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Exaltation of the Holy Cross

Homily for the Feast of the Exaltation of the Holy Cross

Exaltation of the Holy Cross

With the Scripture texts assigned, this feast proclaims that the mystery of the defeat of death is by submission to its power in confidence that God’s greater power will defeat the very finality of death itself – because God’s power simply destroys sin.  It is the mystery that we consider when we think of the power of love to overcome hatred, of hope to overcome despair.

 

The first reading from Numbers tells of one of the times when the people were being formed by the long sojourn in the desert after leaving the slavery of Egypt.  The people are “bitten” by a longing for the security of slavery, the reality familiar to them.  The Israelites were “bitten” by the serpents of fear, laziness, and a willful refusal to mature. When they recognized that their complaining had allowed death into their camp, they pleaded with Moses and God to help them.  God instructs Moses to place their sins (in the form of a serpent) on a pole and “lift it up in front of them.”  To enable them to see what is destroying them.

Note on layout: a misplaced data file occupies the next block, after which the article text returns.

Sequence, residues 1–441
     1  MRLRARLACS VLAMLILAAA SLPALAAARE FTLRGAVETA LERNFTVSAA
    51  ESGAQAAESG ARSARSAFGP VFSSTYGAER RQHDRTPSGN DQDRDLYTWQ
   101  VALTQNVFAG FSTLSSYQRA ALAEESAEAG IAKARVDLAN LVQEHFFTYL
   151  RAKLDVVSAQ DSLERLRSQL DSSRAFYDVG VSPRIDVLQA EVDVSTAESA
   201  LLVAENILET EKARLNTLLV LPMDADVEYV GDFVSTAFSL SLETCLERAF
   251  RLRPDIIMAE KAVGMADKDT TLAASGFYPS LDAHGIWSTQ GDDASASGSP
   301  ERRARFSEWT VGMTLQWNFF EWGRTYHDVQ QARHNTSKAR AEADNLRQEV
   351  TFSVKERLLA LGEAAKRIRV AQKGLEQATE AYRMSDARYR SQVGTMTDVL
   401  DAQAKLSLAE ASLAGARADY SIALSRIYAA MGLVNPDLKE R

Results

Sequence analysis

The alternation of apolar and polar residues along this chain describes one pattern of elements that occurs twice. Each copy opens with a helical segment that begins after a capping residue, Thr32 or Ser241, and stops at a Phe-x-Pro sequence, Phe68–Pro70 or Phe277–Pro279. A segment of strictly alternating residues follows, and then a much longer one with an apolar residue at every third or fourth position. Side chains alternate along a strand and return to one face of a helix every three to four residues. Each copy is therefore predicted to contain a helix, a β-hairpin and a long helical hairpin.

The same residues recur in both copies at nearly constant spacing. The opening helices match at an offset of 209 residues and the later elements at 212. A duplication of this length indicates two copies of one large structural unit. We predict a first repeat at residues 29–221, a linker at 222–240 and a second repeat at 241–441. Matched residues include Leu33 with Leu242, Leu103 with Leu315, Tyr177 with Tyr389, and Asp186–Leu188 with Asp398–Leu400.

In the Letter to the Philippians, we read that Jesus, “who did not know sin” chose to take on the sin of all humans (to even “become sin itself”) and is lifted up in front of us so that we can see the truth of sin in our own lives and in the world. Like the Israelites of old, the crucifixion of Jesus, forces us to look at our own sins, the sins of violence to which we contribute by taking more than our share of the earth’s goods, of demeaning other humans for any reason whatsoever, of despair and infidelity, until finally, sin is placed, with all the horror of unintended or intended consequences, in front of our consciousness and we see the Truth.

 

If we desire life, if we desire the poisoned bite of the serpent to be healed, then we must take on the pattern of Christ, “Who though he was in the form of God did not deem equality with God something to be grasped.”

 

The Exaltation of the Cross invites us to desire God’s Will above our own.  It challenges us to become what we most desire but cannot accomplish for ourselves – to be utterly free to love and to be loved perfectly.  Only in God is such a gift possible.  We were made for this, we long for it, but we allow ourselves to be satisfied with life with a snake in our bosom . . . the enemy of our flourishing who will engage any lie that we will listen to in order to prevent us from knowing the love of God perfectly revealed in Jesus’ death on a cross that forms the doorway between life and death.

 

The doorway to eternal life lies before us in the Eucharist. All we need do is turn away from sin and believe in the Gospel of our Lord Jesus Christ.

 

(Many of the ideas for this homily came from a reflection by Eileen Burke-Sullivan.)

 

Fr. Lawrence Jagdfeld, O.F.M., Administrator

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